By Emily Murray
No matter where we are or what we do, we are exposed to different promises of weight loss or fitness whether we notice them or not. At the office we see ads on our computers, on the commute home we hear commercials and when we watch the news in the evening there are always messages about weight loss. So here is one that might be a bit more palatable (pun intended), be sure you get enough sleep.
Now that’s not to say this will aid in weight loss, but perhaps it will keep you from packing on additional weight. At least this is the theory behind two studies that were recently presented at the SLEEP Medicine Conference in Boston, Massachusetts, this week. It appears that a lack of sleep can lead to problems in appetite which actually stem from signals coming from the frontal lobe areas of the brain. These are responsible for making healthy decisions when it comes to food and when not enough sleep is obtained, this area of the brain cannot work properly.
As described in Forbes, one of the studies mentioned at the conference observed 16 adults with no known health problems. These participants ranged in age from 18 to 25 and researchers evaluated their brain function with MRIs after a normal night’s sleep as well as after a night of sleep deprivation to see what changes would occur. Additionally they had each person rate their interest level in 80 different types of food after both the full night’s rest and the sleep deprivation night.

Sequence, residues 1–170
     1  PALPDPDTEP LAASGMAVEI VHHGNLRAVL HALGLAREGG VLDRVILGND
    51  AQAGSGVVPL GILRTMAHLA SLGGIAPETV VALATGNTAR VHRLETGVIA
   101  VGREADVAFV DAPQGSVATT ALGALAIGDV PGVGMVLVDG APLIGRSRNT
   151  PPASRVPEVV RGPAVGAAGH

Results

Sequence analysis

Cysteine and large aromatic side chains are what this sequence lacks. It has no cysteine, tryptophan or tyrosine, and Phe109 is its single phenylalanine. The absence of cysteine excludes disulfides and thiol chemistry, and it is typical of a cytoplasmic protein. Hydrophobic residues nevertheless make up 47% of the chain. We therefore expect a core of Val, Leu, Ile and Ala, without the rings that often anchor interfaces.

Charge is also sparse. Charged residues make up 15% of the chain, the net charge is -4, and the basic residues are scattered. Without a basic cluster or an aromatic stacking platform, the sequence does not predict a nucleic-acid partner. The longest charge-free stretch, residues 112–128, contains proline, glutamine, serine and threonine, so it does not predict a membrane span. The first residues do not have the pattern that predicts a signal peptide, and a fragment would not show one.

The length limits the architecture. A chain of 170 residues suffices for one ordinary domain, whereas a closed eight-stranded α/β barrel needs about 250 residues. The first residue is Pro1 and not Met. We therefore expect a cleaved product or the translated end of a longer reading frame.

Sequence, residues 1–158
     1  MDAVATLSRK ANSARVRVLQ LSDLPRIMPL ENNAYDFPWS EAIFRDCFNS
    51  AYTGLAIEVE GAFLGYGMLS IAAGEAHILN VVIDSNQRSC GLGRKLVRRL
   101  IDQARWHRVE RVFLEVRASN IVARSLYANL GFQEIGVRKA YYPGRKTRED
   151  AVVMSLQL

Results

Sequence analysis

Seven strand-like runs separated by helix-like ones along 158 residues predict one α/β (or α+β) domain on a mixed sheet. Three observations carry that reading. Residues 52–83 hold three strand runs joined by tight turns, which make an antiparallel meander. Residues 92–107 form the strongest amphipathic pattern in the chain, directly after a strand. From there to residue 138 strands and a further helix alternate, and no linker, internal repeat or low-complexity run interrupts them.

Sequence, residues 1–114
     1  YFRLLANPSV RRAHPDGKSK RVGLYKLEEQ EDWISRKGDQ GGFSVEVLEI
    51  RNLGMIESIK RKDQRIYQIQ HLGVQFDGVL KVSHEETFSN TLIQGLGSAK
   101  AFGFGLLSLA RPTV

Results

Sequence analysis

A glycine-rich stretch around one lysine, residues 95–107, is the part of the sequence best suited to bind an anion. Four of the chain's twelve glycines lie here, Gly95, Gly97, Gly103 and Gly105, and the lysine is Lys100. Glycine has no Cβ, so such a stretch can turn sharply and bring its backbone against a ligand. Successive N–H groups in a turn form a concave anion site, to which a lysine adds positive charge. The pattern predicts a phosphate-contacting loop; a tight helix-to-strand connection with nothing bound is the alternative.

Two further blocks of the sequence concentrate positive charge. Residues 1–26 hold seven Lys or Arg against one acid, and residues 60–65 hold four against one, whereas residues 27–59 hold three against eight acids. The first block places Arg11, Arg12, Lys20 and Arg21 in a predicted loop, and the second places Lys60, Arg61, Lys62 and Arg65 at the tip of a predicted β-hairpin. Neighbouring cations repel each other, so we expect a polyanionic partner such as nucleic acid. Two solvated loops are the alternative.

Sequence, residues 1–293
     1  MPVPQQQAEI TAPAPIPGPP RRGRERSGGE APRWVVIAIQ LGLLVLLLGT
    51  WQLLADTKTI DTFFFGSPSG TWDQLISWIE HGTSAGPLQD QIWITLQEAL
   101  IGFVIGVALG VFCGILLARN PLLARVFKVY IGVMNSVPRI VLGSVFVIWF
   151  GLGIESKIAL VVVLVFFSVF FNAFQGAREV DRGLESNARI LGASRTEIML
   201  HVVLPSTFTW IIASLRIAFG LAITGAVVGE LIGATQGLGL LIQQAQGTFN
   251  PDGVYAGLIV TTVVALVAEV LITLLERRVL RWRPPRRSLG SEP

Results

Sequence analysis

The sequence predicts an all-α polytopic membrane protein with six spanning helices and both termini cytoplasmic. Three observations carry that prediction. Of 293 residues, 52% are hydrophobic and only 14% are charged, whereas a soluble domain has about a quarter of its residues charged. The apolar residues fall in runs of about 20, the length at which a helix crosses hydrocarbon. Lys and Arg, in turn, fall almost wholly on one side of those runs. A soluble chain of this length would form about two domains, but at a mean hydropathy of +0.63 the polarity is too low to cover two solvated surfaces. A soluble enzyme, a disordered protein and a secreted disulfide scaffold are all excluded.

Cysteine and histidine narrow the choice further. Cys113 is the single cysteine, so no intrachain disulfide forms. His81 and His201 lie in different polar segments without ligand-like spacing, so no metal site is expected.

When sleep was deprived, there was actually a change to the signals in the frontal lobe area and it is believed that these disruptions may lead to poor decision making when it comes to choosing food since when sleep deprived, unhealthy foods seemed more appealing.
The second study came from Columbia University and also found similar results regarding sleep patterns and food choice but in a slightly different way. These researchers also used MRIs to study subjects brain on a full night’s sleep as well as a night of not enough sleep. This time the reward portion of the brain was studied as it responded to images of different types of food. When the sleep deprived participants saw junk food, their reward centers were more active than they had been after a full night’s rest.
While there is likely more research to come on the topic in the future, these studies serve as yet another reminder that sleep is necessary for maintaining proper health. The amount of medical problems, both physical and mental, that can come from neglecting sleep are not worth the risks of skipping out on sleep.